The Girl on the Fridge

By Etgar Keret; Miriam Shlesinger (Translator); Sondra Silverston (Translator)
(Farrar Straus Giroux, Paperback, 9780374531058, 171pp.)

Publication Date: April 15, 2008

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Description
A birthday-party magician whose hat tricks end in horror and gore; a girl parented by a major household appliance; the possessor of the lowest IQ in the Mossad--such are the denizens of Etgar Keret's dark and fertile mind. "The Girl on the Fridge "contains the best of Keret's first collections, the ones that made him a household name in Israel and the major discovery of this last decade.



About the Author
Etgar Keret was born in Tel Aviv in 1967. His stories have been featured on "This American Life "and "Selected Shorts". As screenwriters/ directors, he and his wife, Shira Geffen, won the 2007 Palme d'Or for Best Debut Feature ("Jellyfish") at the Cannes Film Festival. His books include "The Nimrod Flipout" and "Suddenly, a Knock on the Door".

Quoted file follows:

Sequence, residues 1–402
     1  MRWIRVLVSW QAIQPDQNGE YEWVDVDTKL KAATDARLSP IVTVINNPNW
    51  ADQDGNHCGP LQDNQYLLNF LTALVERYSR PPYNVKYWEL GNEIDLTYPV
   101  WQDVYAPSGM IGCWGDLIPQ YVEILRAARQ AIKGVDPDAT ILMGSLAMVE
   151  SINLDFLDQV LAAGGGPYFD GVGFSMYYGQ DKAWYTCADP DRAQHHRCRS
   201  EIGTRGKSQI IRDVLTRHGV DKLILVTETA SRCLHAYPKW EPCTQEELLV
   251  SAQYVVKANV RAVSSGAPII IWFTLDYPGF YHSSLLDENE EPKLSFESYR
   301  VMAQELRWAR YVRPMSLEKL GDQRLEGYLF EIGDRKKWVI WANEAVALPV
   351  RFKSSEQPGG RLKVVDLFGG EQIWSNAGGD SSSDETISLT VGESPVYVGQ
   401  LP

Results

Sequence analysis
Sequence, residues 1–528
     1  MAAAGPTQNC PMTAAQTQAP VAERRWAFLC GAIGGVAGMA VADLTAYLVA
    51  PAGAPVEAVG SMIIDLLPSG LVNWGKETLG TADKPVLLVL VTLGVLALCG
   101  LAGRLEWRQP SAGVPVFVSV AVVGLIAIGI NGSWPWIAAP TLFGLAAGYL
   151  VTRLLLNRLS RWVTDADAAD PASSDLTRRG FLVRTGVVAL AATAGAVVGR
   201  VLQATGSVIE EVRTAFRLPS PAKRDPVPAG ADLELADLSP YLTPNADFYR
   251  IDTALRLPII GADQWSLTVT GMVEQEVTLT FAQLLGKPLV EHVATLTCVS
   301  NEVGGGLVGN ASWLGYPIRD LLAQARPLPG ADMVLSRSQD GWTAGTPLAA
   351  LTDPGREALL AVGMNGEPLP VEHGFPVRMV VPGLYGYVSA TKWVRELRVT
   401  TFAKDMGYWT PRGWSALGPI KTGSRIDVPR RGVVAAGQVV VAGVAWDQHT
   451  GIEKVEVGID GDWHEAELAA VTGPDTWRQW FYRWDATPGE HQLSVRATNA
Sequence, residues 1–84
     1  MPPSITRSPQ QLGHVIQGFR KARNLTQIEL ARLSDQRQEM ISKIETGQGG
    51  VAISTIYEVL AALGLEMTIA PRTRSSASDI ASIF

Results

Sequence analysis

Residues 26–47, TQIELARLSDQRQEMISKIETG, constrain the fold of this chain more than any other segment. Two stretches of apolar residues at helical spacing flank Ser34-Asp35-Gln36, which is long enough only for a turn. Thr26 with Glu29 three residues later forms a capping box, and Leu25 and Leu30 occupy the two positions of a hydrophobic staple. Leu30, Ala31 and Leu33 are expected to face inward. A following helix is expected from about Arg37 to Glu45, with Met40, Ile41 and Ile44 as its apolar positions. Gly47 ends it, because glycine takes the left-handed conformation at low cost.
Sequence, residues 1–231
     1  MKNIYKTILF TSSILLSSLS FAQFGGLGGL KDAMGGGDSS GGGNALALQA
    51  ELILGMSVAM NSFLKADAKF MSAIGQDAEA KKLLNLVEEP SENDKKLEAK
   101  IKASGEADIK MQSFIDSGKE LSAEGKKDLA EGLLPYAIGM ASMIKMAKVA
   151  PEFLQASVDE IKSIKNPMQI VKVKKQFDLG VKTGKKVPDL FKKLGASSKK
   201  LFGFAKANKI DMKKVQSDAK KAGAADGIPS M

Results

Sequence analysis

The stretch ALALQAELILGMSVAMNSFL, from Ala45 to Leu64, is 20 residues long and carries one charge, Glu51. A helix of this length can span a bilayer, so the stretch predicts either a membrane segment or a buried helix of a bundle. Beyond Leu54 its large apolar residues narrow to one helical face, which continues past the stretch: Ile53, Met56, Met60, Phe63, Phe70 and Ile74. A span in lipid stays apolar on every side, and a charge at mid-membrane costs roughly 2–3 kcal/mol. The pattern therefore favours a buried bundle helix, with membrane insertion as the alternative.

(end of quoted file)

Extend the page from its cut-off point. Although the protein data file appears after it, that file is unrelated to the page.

Born in Jerusalem in 1939, Amos Oz is the author of numerous works of fiction and essays. His international awards include the Prix Femina, the Israel Prize, and the Frankfurt Peace Prize, and his books have been translated into more than thirty languages. He lives in Israel.


Praise For The Girl on the Fridge

"Keret is a brilliant writer . . . completely unlike any writer I know. He is the voice of the next generation." —Salman Rushdie

“Keret may be the most important writer working in Israel right now; certainly he is the closest observer of its post-intifada, post-Oslo spiritual condition. And astonishingly, he is also the Israeli writer closest to the literary tradition of pre-Israel, pre- Holocaust European Jewry . . . Kafka said that literature should be an ax to break the frozen sea within us. Keret is a writer whaling at the ice with a Wiffle ball bat.” —Stephen Marche, The Forward

“Short, strange, funny, deceptively casual in tone and affect, stories that sound like a joke but aren’t—Etgar Keret is a writer to be taken seriously.” —Yann Martel “Keret can do more with six . . . paragraphs than most writers can with 600 pages.” —Kyle Smith, People
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